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Archive for the ‘Selling Skills’ Category

by Paula Jayne White, PhD

Mad MenI start with an admission: I am passionately, unapologetically in love with AMC’s workplace drama Mad Men. The period setting, the costumes, the gorgeous cast: I love it all.  And while much has been written about both the egregious antics of the Sterling Cooper crew and the dazzling ad campaigns, I also love how this show, week after week, incorporates timeless principles for effective selling—principles that demonstrate that you don’t need the good looks of Don Draper, or the charisma and power of Roger Sterling, to be a great seller.  Here are a few examples.

 

The principle: Clients buy from people they like.  Your pitch is secondary.  

The evidence: At a party, Don Draper escapes into the hotel bar, where he meets a gentleman who is similarly escaping a wedding.  The two have drinks and chat—but not about business.  The gentleman, whom we (and Don) later learn to be Conrad Hilton, tracks Don down and offers him the deal of a lifetime: an ad campaign with Hilton Hotels—no formal pitch, no long negotiation, no competitive bidding.  Hilton likes Don, and bases his decision solely on this fact.  This deal (like others) practically falls into Don’s lap—not because he is a brilliant pitchman but because people like him.  And it never hurts to have a multi-million deal fall into your lap.

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by Paula Jayne White, Ph.D.

 

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comic strip panel 3comic strip panel 4Bassist Wanted by Porter Mason

I recently called for an estimate on replacement windows.  When the rep arrived, he demanded water and that we sit down first.  Out came the pitch book—and 30 minutes later, there was no end in sight, even though I said I had enough information to buy.  When I finally suggested that he provide the estimate or leave, he stormed out in anger. 

Unfortunately, this experience  is surprisingly similar to many I’ve been through as a buyer of corporate services.  I started on the selling side;  now that I’ve been a buyer, the reasons clients do (or do not) buy are much less mysterious to me than they once seemed.  Here are a few lessons I learned from sales professionals who had a few things in common with that hapless window rep:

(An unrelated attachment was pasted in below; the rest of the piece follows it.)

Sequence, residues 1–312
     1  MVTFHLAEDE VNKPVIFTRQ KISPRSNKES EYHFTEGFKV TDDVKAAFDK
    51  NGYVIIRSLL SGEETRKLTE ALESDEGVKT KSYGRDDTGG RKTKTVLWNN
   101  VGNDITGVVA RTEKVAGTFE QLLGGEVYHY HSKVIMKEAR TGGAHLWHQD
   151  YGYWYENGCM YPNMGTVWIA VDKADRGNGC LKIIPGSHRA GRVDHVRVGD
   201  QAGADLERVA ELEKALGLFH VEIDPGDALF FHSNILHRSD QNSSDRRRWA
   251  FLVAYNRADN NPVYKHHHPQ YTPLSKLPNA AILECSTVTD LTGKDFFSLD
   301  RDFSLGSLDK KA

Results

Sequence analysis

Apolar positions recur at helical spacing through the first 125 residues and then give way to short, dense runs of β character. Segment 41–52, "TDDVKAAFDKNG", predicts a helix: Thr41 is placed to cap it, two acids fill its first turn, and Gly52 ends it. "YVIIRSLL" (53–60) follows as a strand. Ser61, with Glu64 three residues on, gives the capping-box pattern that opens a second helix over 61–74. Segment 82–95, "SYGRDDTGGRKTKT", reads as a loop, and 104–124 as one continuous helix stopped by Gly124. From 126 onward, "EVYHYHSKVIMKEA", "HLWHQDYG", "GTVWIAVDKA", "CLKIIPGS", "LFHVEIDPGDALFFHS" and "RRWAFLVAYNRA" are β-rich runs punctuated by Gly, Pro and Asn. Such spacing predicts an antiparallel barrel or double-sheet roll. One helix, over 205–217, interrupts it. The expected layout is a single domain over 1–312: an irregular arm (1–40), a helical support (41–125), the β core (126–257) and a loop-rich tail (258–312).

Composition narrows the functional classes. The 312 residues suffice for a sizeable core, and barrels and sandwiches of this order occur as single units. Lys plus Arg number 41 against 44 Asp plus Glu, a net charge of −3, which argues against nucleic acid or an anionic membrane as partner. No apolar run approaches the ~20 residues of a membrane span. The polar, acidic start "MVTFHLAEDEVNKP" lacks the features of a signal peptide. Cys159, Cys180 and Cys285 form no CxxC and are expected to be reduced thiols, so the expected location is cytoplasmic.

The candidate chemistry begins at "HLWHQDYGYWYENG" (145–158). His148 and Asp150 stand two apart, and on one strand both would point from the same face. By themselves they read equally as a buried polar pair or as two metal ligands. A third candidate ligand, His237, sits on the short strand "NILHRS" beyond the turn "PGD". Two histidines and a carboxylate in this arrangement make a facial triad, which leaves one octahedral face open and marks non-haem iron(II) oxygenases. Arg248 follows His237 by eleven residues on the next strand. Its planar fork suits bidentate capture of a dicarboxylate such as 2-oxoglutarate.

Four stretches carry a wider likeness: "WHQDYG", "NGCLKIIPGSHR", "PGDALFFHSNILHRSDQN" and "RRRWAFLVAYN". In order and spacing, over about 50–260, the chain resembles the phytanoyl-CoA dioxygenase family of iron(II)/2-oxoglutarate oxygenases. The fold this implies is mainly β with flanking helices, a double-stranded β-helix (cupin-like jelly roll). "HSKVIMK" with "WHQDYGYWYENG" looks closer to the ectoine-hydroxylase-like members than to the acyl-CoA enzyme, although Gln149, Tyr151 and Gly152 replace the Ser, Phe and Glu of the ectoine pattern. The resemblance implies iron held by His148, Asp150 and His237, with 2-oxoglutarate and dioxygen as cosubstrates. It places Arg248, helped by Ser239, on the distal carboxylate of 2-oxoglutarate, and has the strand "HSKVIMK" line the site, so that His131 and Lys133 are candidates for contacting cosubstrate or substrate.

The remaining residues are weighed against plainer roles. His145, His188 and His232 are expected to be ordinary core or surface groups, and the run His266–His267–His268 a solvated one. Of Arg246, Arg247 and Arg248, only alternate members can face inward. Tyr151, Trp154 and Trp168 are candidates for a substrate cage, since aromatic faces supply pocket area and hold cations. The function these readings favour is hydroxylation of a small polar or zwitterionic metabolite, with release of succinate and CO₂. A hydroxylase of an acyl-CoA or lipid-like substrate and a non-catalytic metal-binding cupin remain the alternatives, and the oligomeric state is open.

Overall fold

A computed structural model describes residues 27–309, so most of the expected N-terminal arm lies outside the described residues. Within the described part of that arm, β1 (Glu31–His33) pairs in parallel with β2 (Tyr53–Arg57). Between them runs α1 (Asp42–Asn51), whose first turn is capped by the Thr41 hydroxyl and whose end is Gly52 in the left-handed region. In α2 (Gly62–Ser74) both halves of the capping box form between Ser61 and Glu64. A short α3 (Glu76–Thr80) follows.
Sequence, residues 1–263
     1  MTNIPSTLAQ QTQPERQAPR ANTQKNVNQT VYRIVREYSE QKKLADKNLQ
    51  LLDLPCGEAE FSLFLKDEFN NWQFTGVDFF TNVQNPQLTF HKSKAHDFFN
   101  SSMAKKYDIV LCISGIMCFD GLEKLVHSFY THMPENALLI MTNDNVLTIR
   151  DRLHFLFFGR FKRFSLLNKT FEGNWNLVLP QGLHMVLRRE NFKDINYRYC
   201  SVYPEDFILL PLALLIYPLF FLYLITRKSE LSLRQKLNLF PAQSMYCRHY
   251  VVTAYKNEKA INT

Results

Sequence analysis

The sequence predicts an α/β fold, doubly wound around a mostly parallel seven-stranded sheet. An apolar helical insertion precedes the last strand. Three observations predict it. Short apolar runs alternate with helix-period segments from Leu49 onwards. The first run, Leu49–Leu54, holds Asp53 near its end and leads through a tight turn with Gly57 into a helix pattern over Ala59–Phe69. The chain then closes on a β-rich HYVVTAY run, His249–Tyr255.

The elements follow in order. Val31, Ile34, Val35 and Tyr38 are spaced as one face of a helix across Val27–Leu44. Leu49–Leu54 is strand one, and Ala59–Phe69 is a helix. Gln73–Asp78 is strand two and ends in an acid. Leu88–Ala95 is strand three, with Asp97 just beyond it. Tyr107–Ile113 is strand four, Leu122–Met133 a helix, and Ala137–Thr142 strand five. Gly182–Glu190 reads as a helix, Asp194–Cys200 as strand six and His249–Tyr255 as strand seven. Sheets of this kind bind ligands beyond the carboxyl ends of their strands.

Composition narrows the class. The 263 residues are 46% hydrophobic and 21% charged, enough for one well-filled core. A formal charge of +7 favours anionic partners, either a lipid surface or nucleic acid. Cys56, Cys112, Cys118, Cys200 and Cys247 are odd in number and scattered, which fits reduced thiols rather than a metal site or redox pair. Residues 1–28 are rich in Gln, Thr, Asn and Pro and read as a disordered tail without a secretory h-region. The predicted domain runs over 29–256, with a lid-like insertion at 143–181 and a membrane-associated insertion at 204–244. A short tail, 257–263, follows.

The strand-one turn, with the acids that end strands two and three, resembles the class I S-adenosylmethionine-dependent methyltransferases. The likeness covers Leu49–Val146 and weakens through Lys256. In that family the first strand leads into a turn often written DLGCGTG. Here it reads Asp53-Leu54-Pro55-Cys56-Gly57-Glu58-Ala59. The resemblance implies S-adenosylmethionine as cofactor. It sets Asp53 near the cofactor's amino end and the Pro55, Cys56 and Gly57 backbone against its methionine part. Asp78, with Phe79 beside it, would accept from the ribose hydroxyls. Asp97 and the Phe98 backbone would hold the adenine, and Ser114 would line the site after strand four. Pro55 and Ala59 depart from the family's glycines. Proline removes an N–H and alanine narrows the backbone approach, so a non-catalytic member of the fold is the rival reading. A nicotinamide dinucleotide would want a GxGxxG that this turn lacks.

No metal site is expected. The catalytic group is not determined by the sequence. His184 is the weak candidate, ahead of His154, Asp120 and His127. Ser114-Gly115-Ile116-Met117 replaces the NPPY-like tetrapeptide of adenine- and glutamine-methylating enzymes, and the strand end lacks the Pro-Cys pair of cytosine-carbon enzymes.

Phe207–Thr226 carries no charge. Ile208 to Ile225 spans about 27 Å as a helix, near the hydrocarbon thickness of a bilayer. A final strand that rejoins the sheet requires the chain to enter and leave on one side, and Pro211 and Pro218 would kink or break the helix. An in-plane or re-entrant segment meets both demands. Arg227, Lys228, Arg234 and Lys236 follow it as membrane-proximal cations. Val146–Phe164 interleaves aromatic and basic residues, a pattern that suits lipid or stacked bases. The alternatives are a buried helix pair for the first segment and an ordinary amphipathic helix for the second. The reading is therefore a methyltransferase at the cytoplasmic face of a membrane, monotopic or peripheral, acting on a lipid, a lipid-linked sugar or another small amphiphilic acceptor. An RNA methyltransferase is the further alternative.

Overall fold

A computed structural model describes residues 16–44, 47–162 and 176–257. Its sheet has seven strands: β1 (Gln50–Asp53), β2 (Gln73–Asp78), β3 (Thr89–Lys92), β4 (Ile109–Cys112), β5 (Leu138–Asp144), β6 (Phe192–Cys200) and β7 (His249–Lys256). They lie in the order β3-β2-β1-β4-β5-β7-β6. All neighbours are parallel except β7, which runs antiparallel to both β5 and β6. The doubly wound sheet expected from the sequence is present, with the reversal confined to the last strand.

Lesson #1: Say My Name, Say My Name

My name is Paula Jayne.  In a meeting, I will introduce myself and hand you a business card with that name.  And yet I’ve been called Paula, Patty, Mary Jane, and (gasp!) even Molly.  As sellers, it’s easy to think of client organizations as similar—that’s what allows us to sell our services to multiple companies.  But individuals are unique and wish to be thought of as such.  Start off a meeting by calling me Molly, and I feel like you have no idea who I am and you don’t actually care to know.  What are the odds you’ll get my business if our meeting starts this way? 

Lesson #2:  Love, Love Me Do (You Know I Love You)

Sales is a lot like dating.  Before you come into a pitch, most buyers will research your company, exchange calls and emails with you, read your proposal—even call references.  By the time you meet with me, I am already convinced of your potential value.  If you want to impress me, don’t spend 2/3 of your presentation telling me what there is to love about you.  To win my heart forever, show your interest in me by doing just three things: 

1. Ask me questions.

2. Listen when I respond.

3. Respond to my questions. 

Simple, right? 

Lesson #3:  I Like It, I Love It (Now Stop!)

While some clients are poker faces, most will indicate how you’re doing during your presentation.  When I talk about implementation, or mention how we can broaden what you proposed into a larger deal, or say, “This solution is exactly what we need,” I am telling you I’m ready to buy. So what do most sales professionals do?  They keep on pitching, even if I all but have a check in my hand ready to sign.  Please, stop selling to me and ask for the business.  Molly will be sure to thank you for it.

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